Being actively engaged in those conversations could have helped me understand what those experiences were like, how they affected him, what was going through his mind at the time, and what was his take on it now that he was able to self-reflect. Of course questions like these did not come into fruition until after I was no longer able to ask them, and now I either have to forever wonder what was going on mentally or draw my own conclusions based on other clues, conversations, and documents shared and obtained. Hindsight truly is 20:20, and to anyone who still has that opportunity to engage with their teachers and document those stories, I strongly suggest that you do so before it is too late.

Understanding The Importance Of Why

Growing up, my grandfather stressed going to church and going to school so that I could receive a great foundation. Again, as a little boy I wasn’t concerned with these things. Outside of all of the school work, my cousin, sisters, and I were raised reading poems, short stories, and books by African-American writers and about African-American people. We were taught bible stories, hymns, and scriptures. Our grandparents took the time to share with us stories of their past and experience as well as the past, experience and plight of African-American people. It never dawned on my why they placed emphasis on these additional things until after I was able to draw inferences from their stories.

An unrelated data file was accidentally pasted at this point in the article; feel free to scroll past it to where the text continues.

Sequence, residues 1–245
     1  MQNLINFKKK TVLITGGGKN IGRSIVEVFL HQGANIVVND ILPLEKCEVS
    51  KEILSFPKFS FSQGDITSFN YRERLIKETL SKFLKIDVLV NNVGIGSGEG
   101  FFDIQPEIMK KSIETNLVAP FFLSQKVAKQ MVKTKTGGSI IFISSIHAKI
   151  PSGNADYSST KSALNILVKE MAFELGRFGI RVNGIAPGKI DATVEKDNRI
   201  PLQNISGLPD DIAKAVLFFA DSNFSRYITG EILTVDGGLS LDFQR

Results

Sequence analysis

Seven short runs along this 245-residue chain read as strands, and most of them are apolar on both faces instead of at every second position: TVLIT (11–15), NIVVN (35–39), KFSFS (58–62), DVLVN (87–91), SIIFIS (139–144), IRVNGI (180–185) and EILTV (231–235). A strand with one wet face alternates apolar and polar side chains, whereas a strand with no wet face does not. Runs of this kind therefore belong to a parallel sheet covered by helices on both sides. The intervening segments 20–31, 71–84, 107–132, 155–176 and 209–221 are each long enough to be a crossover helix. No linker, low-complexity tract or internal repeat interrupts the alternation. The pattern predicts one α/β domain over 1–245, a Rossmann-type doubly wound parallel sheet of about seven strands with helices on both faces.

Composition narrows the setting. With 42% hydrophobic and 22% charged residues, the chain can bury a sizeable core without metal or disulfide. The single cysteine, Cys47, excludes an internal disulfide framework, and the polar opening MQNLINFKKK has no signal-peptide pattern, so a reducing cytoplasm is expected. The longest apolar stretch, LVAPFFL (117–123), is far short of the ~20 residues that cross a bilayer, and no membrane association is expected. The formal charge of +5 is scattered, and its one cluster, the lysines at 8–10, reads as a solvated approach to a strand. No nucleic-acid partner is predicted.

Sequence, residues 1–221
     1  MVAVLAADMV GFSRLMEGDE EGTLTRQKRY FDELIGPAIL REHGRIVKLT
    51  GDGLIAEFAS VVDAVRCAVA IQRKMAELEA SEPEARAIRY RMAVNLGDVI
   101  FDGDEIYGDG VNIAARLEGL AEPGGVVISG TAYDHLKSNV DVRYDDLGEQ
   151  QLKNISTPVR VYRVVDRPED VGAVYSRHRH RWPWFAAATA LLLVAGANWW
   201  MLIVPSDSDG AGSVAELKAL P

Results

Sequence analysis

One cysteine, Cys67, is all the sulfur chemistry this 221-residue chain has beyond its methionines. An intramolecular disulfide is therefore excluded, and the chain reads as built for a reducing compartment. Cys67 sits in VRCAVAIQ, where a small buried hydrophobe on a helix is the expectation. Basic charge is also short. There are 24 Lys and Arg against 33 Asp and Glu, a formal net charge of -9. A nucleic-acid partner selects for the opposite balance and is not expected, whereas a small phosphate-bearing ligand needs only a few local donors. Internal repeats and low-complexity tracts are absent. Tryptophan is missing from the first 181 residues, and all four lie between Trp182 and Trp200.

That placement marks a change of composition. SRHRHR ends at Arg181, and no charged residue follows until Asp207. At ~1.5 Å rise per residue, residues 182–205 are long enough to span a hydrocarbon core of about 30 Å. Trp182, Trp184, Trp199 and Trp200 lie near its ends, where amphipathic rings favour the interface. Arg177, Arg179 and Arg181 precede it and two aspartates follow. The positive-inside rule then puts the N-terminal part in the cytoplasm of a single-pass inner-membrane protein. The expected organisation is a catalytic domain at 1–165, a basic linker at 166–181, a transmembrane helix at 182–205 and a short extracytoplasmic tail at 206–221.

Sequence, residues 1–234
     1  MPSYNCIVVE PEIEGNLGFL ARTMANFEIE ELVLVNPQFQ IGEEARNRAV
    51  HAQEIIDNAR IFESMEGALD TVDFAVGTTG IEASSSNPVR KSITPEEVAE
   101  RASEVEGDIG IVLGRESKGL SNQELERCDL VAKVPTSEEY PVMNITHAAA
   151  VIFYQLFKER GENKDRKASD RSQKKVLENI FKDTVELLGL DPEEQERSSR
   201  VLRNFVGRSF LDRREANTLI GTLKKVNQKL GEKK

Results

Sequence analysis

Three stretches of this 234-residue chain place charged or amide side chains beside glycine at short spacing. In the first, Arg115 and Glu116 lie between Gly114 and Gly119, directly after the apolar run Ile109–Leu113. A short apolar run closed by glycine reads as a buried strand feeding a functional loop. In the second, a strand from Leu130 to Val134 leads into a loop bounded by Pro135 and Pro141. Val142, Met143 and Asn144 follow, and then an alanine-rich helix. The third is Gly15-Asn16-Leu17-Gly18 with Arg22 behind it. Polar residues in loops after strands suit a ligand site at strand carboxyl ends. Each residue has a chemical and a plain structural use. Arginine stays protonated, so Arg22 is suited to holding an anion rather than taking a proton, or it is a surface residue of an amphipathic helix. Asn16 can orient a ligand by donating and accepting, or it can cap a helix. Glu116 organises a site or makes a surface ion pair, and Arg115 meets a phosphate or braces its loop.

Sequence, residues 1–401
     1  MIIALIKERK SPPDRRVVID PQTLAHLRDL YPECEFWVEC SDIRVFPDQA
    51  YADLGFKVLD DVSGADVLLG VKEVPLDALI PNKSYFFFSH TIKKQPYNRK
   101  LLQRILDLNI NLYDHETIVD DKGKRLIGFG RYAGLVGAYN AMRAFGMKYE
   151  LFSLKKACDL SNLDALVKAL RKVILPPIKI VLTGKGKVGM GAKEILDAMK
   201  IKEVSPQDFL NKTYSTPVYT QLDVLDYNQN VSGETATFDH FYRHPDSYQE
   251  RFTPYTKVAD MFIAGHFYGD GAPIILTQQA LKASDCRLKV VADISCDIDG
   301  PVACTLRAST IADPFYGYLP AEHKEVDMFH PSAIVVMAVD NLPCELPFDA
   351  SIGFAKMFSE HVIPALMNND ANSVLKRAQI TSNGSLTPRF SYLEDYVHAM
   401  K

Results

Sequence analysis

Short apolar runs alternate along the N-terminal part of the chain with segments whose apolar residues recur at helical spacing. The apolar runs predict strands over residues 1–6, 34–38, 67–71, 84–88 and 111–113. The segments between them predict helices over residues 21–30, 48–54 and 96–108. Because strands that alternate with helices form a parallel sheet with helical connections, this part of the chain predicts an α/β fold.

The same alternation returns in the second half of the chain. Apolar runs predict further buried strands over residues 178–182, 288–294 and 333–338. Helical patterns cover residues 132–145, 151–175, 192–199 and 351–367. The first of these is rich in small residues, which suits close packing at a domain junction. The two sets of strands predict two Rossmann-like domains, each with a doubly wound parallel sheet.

At the age of 15, my grandfather accepted his call to the ministry and began preaching at his home church. He attended the closest Historically Black College and University (HBCU), Shaw University, to pursue a degree in History and later Divinity. “Preaching” his way through school, he obtained a bachelors degree in history and later a second bachelors degree (now a masters degree) in Divinity. Graduating in the 40’s from college was something unique for African-Americans, and obtaining what is equivalent to a master’s degree was even more unusual. Given segregation ruling the south, a majority of Black families could not afford obtaining secondary education, yet alone a graduate degree. Being able to pursue both, and working tirelessly to do so, showed how much he valued a strong education and how passionate he was about his work. Him defying the odds and not taking a more common approach to provide for his desires, such as enlisting the military due to WWII, speaks to his will power and faith. His belief in mastering his craft so that he could be used as an effective instrument to produce change carried over into his philosophy of rearing children, and we were raised to think and believe like him.